Retail foodservice dollars hit a new low at many healthcare locations across the country this year, as they’ve either been forced to close or seen low participation due to cratering visitor and employee counts during the COVID-19 pandemic.
To cope, JPS Health Network in Fort Worth, Texas, began offering to-go meals from its cafeteria to replace its retail cafe—and is now serving around 130 of them per day. The closure of the retail cafe meant a volume loss of 45% per month in April and May.
“We had to revolutionize our menu because we had such issues with our supply chain,” says Executive Director Neal Lavender. “Our retail cafe manager Bettina Jones and executive chef Russ Persinger had to come up with new things that would be easy for customers to heat up.” Twelve different to-go meals are available for lunch and dinner and include dishes like meatloaf and fajitas. The meals are sold from an express window in the cafeteria, minimizing contact.
Lavender also launched boxes featuring discounted and free produce he receives, offering them to customers at a low cost. He sold these through the express window, too, along with some grocery essentials. The foodservice department added some countertop coolers to house grocery items, making them visible to customers picking up to-go meals, while produce is displayed in baskets and other items are on shelves.
Neal Lavender's dining team serves about 130 to-go meals from the cafeteria daily; photograph courtesy of JPS Health System
Earlier in the pandemic, JPS offered curbside pickup at key times of the day for more than two months. The program featured a limited menu, including chimichurri flank steak and shrimp jambalaya, along with some grocery items.
“Looking ahead, the long-term effects of the pandemic will be that meals continue to be offered in a to-go box fashion,” Lavender says. “It will be a while before sales go back to normal. Our focus will be to ensure the meals are great tasting, we have plenty of menu variety and get people excited about dining out.”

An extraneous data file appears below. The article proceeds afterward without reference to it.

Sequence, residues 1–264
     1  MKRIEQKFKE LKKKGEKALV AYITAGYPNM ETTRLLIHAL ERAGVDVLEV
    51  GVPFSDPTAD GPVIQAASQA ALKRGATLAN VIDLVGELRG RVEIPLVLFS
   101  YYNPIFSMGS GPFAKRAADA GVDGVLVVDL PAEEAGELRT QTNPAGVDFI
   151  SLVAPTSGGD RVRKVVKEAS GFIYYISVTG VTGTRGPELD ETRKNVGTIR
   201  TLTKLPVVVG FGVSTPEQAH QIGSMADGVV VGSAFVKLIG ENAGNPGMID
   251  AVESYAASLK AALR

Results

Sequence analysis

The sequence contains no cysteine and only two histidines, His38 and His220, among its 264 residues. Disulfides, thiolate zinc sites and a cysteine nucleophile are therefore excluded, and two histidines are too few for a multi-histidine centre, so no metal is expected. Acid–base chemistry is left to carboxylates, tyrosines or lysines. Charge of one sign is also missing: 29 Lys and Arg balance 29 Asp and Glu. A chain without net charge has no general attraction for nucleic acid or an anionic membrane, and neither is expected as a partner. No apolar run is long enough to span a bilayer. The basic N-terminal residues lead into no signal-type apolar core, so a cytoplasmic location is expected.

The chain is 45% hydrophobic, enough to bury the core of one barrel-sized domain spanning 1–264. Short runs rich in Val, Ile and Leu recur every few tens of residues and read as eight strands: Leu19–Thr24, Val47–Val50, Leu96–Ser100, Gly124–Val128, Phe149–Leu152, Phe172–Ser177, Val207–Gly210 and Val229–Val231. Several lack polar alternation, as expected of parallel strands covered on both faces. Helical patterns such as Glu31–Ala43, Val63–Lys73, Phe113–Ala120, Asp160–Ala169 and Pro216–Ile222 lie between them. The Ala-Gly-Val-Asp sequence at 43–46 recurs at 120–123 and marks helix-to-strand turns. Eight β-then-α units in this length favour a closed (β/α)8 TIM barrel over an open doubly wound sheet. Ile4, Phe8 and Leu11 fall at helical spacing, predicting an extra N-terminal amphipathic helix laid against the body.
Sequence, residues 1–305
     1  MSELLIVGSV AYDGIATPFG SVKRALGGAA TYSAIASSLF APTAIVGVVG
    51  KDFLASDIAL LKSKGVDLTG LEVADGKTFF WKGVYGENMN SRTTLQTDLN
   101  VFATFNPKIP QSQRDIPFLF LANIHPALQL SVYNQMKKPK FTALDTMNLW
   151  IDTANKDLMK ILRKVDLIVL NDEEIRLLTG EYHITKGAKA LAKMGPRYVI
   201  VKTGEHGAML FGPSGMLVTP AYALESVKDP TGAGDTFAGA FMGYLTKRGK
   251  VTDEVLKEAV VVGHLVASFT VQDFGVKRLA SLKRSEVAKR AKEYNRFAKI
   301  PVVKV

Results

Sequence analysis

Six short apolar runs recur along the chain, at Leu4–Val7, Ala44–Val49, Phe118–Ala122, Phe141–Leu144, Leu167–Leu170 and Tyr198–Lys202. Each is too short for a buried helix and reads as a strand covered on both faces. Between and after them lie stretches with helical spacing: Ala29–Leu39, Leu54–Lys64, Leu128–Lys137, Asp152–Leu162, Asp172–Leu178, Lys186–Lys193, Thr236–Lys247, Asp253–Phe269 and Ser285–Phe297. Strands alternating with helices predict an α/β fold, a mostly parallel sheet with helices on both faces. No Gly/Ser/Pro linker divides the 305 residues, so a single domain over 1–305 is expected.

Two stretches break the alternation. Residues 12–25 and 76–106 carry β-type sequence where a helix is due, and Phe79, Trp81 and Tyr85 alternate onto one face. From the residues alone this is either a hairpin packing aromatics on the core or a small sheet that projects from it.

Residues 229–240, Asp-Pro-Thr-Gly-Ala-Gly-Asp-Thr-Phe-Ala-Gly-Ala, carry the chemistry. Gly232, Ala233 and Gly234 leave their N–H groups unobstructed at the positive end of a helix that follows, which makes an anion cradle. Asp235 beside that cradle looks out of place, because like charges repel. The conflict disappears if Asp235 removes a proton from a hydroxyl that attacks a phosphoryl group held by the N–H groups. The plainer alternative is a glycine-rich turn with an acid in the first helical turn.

David Reeves has been the system director for Lee Health in Fort Myers, Fla., since early October, and he is also the healthcare advisory council chair for the International Foodservice Manufacturers Association (IFMA). Through IFMA, he says, he’s heard that most retail locations have seen around a 60% decline in business, though he’s optimistic. “Some are returning to pre-COVID levels and others are now at about 80% of their pre-COVID retail operations,” he says. “In general, the healthcare markets have, from a retail perspective, started to rebound, but from a financial perspective, we are still trying to weather the storm.”
Before Lee Health, Reeves was the director at St. Jude Children’s Research Hospital in Memphis, Tenn., where he established a pop-up market shortly after the pandemic began, in an unused event center. This was for hospital staff only and provided meals for them to take home at the end of their shifts. Staff could order through Grubhub to speed up the process.
“It was a great idea because it protected the safety of the patients and the caregivers,” he says. “We purchased equipment and cashier stations, and they’re still utilizing it and keeping [these orders] separate.”
In the future, Reeves expects to see more contactless equipment such as coffee machines that customers activate through QR codes, as well as touchless silverware dispensers.
“However, we know customers have changed their dining patterns to dining in the home during the pandemic,” he says. “Facilities that can develop quality products that are served through advance ordering, pickup or reheat at home will be ahead of their competition.”
Moving to micromarts
Spectrum Health in Grand Rapids, Mich., is piloting an automated point-of-sale system in a micromart to boost retail revenue during the third shift without using additional labor. The foodservice operation’s retail revenue was down almost 45% at one point during the pandemic, says Kevin Vos, senior director of hospitality support services, though that’s rebounded somewhat, to just 25% down.
With this new system, he’s able to sell pre-packaged items with a bar code and has printed codes for the the top 25 grab-and-go items made in-house such as yogurt parfaits, sandwiches and salads. These are mostly cold products, but some are cooled hot meals that customers can reheat.
"The healthcare markets have, from a retail perspective, started to rebound, but from a financial perspective, we are still trying to weather the storm.” -David Reeves
This program was in the works at two hospitals pre-COVID, but Vos quickly brought it onboard at six more and thinks it will continue to be viable when the pandemic’s over. The micromarts are open for the 16 hours a day that the cafeterias are closed.